16. Han T, Xiang DM, Sun W, et al. PTPN11/Shp2 overexpression enhances liver cancer progression and predicts poor prognosis of patients. J Hepatol 2015;63:651-60. [Crossref] [PubMed]
  17. Bruix J, Cheng AL, Meinhardt G, et al. Prognostic factors and predictors of sorafenib benefit in patients with hepatocellular carcinoma: Analysis of two phase III studies. J Hepatol 2017;67:999-1008. [Crossref] [PubMed]
  18. Saito Y, Shimada M, Utsunomiya T, et al. Prediction of recurrence of hepatocellular carcinoma after curative hepatectomy using preoperative Lens culinaris agglutinin-reactive fraction of alpha-fetoprotein. Hepatol Res 2012;42:887-94. [Crossref] [PubMed]
  19. Poté N, Cauchy F, Albuquerque M, et al. Performance of PIVKA-II for early hepatocellular carcinoma diagnosis and prediction of microvascular invasion. J Hepatol 2015;62:848-54. [Crossref] [PubMed]
  20. Nagy Á, Lánczky A, Menyhárt O, et al. Validation of miRNA prognostic power in hepatocellular carcinoma using expression data of independent datasets. Sci Rep 2018;8:9227. [Crossref] [PubMed]
  21. Guo CM, Liu SQ, Sun MZ. miR-429 as biomarker for diagnosis, treatment and prognosis of cancers and its potential action mechanisms: A systematic literature review. Neoplasma 2020;67:215-28. [Crossref] [PubMed]
  22. Gu Y, Li X, Bi Y, et al. CCL14 is a prognostic biomarker and correlates with immune infiltrates in hepatocellular carcinoma. Aging (Albany NY) 2020;12:784-807. [Crossref] [PubMed]
  23. Wang H, Lu Z, Zhao X. Tumorigenesis, diagnosis, and therapeutic potential of exosomes in liver cancer. J Hematol Oncol 2019;12:133. [Crossref] [PubMed]
  24. Zhang T, Huang JW, Zeng Y. Surgery for patients with hepatocellular carcinoma and inferior vena cava tumor thrombus. Sichuan Da Xue Xue Bao Yi Xue Ban 2013;44:1005-8. [PubMed]
  25. Akateh C, Black SM, Conteh L, et al. Neoadjuvant and adjuvant treatment strategies for hepatocellular carcinoma. World J Gastroenterol 2019;25:3704-21. [Crossref] [PubMed]
  26. Zheng H, Pomyen Y, Hernandez MO, et al. Single-cell analysis reveals cancer stem cell heterogeneity in hepatocellular carcinoma. Hepatology 2018;68:127-40. [Crossref] [PubMed]
  27. Fu Y, Liu S, Zeng S, et al. From bench to bed: the tumor immune microenvironment and current immunotherapeutic strategies for hepatocellular carcinoma. J Exp Clin Cancer Res 2019;38:396. [Crossref] [PubMed]
  28. Lu C, Rong D, Zhang B, et al. Current perspectives on the immunosuppressive tumor microenvironment in hepatocellular carcinoma: challenges and opportunities. Mol Cancer 2019;18:130. [Crossref] [PubMed]
  29. Luo Q, Wang CQ, Yang LY, et al. FOXQ1/NDRG1 axis exacerbates hepatocellular carcinoma initiation via enhancing crosstalk between fibroblasts and tumor cells. Cancer Lett 2018;417:21-34. [Crossref] [PubMed]
  30. Lim CJ, Lee YH, Pan L, et al. Multidimensional analyses reveal distinct immune microenvironment in hepatitis B virus-related hepatocellular carcinoma. Gut 2019;68:916-27. [Crossref] [PubMed]
  31. Arasada RR, Shilo K, Yamada T, et al. Notch3-dependent β-catenin signaling mediates EGFR TKI drug persistence in EGFR mutant NSCLC. Nat Commun 2018;9:3198. [Crossref] [PubMed]
  32. Thompson SM, Jondal DE, Butters KA, et al. Heat stress induced, ligand-independent MET and EGFR signalling in hepatocellular carcinoma. Int J Hyperthermia 2018;34:812-23. [Crossref] [PubMed]
  33. Tan KL, Pezzella F. Inhibition of NEDD8 and FAT10 ligase activities through the degrading enzyme NEDD8 ultimate buster 1: A potential anticancer approach. Oncol Lett 2016;12:4287-96. [Crossref] [PubMed]
  34. Liu X, Chen L, Ge J, et al. The Ubiquitin-like Protein FAT10 Stabilizes eEF1A1 Expression to Promote Tumor Proliferation in a Complex Manner. Cancer Res 2016;76:4897-907. [Crossref] [PubMed]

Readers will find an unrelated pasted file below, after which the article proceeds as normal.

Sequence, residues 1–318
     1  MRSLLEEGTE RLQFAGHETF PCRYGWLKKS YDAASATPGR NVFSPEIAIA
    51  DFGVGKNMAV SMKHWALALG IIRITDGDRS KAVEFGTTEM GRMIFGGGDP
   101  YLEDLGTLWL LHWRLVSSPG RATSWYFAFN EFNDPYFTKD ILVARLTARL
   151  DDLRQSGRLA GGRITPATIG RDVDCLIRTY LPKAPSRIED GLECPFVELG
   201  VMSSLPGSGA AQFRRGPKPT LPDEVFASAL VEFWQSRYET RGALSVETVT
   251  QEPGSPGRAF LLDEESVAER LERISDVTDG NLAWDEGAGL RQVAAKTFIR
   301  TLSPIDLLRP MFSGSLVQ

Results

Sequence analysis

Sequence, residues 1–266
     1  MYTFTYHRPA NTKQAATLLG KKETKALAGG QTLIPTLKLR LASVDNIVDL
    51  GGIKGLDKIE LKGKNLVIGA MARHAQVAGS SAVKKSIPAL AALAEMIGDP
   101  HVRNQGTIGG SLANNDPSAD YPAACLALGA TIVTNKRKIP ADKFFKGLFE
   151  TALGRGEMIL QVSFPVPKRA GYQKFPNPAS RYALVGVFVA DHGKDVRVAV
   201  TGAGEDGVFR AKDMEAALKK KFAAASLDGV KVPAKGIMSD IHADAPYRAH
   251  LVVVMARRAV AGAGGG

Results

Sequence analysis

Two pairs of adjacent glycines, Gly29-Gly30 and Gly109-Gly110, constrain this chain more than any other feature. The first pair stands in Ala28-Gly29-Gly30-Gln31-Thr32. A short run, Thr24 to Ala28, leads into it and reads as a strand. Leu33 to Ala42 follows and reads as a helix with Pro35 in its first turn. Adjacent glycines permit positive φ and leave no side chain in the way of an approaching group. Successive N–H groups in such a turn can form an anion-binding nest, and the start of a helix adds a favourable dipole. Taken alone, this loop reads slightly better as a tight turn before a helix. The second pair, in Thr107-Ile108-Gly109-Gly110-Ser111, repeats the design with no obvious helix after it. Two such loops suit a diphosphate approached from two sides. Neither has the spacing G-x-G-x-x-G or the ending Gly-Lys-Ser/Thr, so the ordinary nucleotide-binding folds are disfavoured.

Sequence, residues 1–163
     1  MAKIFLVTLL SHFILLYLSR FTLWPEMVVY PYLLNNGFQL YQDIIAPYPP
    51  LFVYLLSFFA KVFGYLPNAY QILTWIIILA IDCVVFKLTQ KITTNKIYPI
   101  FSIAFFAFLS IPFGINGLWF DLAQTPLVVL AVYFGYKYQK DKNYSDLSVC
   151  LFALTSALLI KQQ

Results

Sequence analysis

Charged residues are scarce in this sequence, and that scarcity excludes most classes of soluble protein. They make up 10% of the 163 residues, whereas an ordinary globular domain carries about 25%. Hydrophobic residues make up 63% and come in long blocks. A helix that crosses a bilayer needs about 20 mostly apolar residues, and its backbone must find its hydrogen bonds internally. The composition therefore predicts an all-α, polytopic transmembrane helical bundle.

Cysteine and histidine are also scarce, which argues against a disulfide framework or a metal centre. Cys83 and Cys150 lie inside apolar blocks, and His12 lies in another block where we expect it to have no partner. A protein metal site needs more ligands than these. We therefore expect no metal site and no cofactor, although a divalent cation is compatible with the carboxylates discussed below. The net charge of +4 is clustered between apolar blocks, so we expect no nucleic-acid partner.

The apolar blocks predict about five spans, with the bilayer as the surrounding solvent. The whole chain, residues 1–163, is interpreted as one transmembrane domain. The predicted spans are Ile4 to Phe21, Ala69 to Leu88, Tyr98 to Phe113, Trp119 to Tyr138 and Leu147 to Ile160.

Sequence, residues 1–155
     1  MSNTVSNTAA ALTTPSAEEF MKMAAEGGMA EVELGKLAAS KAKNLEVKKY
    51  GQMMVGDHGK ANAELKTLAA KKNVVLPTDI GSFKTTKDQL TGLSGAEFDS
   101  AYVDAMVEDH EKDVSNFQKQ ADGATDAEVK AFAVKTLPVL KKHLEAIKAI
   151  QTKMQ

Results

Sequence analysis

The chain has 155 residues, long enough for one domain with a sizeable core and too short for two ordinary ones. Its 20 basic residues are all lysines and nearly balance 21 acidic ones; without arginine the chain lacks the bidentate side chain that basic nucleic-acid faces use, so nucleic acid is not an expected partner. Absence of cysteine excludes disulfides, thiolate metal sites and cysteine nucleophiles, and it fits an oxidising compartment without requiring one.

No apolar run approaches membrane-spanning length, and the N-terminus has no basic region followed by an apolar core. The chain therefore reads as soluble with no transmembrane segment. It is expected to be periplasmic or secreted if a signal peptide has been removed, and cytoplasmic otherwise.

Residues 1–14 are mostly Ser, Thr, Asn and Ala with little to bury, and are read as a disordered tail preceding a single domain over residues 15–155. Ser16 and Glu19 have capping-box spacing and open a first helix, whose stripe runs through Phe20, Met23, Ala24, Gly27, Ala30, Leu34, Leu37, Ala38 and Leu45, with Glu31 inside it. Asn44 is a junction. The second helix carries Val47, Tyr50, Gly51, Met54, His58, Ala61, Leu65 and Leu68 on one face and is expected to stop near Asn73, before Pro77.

35. Aichem A, Sailer C, Ryu S, et al. The ubiquitin-like modifier FAT10 interferes with SUMO activation. Nat Commun 2019;10:4452. [Crossref] [PubMed]
  36. Gao Y, Theng SS, Mah WC, et al. Silibinin down-regulates FAT10 and modulate TNF-α/IFN-γ-induced chromosomal instability and apoptosis sensitivity. Biol Open 2015;4:961-9. [Crossref] [PubMed]
  37. Bsibsi M, Peferoen LA, Holtman IR, et al. Demyelination during multiple sclerosis is associated with combined activation of microglia/macrophages by IFN-γ and alpha B-crystallin. Acta Neuropathol 2014;128:215-29. [Crossref] [PubMed]
  38. Liu L, Dong Z, Liang J, et al. As an independent prognostic factor, FAT10 promotes hepatitis B virus-related hepatocellular carcinoma progression via Akt/GSK3β pathway. Oncogene 2014;33:909-20. [Crossref] [PubMed]
  39. Yan J, Lei J, Chen L, et al. Human Leukocyte Antigen F Locus Adjacent Transcript 10 Overexpression Disturbs WISP1 Protein and mRNA Expression to Promote Hepatocellular Carcinoma Progression. Hepatology 2018;68:2268-84. [Crossref] [PubMed]
  40. Gao Y, Theng SS, Zhuo J, et al. FAT10, an ubiquitin-like protein, confers malignant properties in non-tumorigenic and tumorigenic cells. Carcinogenesis 2014;35:923-34. [Crossref] [PubMed]
  41. Lukasiak S, Schiller C, Oehlschlaeger P, et al. Proinflammatory cytokines cause FAT10 upregulation in cancers of liver and colon. Oncogene 2008;27:6068-74. [Crossref] [PubMed]
  42. Ren J, Wang Y, Gao Y, et al. FAT10 mediates the effect of TNF-α in inducing chromosomal instability. J Cell Sci 2011;124:3665-75. [Crossref] [PubMed]
  43. Choi Y, Kim JK, Yoo JY. NFκB and STAT3 synergistically activate the expression of FAT10, a gene counteracting the tumor suppressor p53. Mol Oncol 2014;8:642-55. [Crossref] [PubMed]
  44. Xiong H, Xiao H, Luo C, et al. GRP78 activates the Wnt/HOXB9 pathway to promote invasion and metastasis of hepatocellular carcinoma by chaperoning LRP6. Exp Cell Res 2019;383:111493 [Crossref] [PubMed]
  45. Zhang K, Chen L, Zhang Z, et al. Ubiquitin-like protein FAT10: A potential cardioprotective factor and novel therapeutic target in cancer. Clin Chim Acta 2020;510:802-11. [Crossref] [PubMed]
  46. Luo C, Xiong H, Chen L, et al. GRP78 Promotes Hepatocellular Carcinoma proliferation by increasing FAT10 expression through the NF-κB pathway. Exp Cell Res 2018;365:1-11. [Crossref] [PubMed]
  47. Ji F, Jin X, Jiao CH, et al. FAT10 level in human gastric cancer and its relation with mutant p53 level, lymph node metastasis and TNM staging. World J Gastroenterol 2009;15:2228-33. [Crossref] [PubMed]
Cite this article as: Zhang Y, Zuo Z, Liu B, Yang P, Wu J, Han L, Han T, Chen T. FAT10 promotes hepatocellular carcinoma (HCC) carcinogenesis by mediating P53 degradation and acts as a prognostic indicator of HCC. J Gastrointest Oncol 2021;12(4):1823-1837. doi: 10.21037/jgo-21-374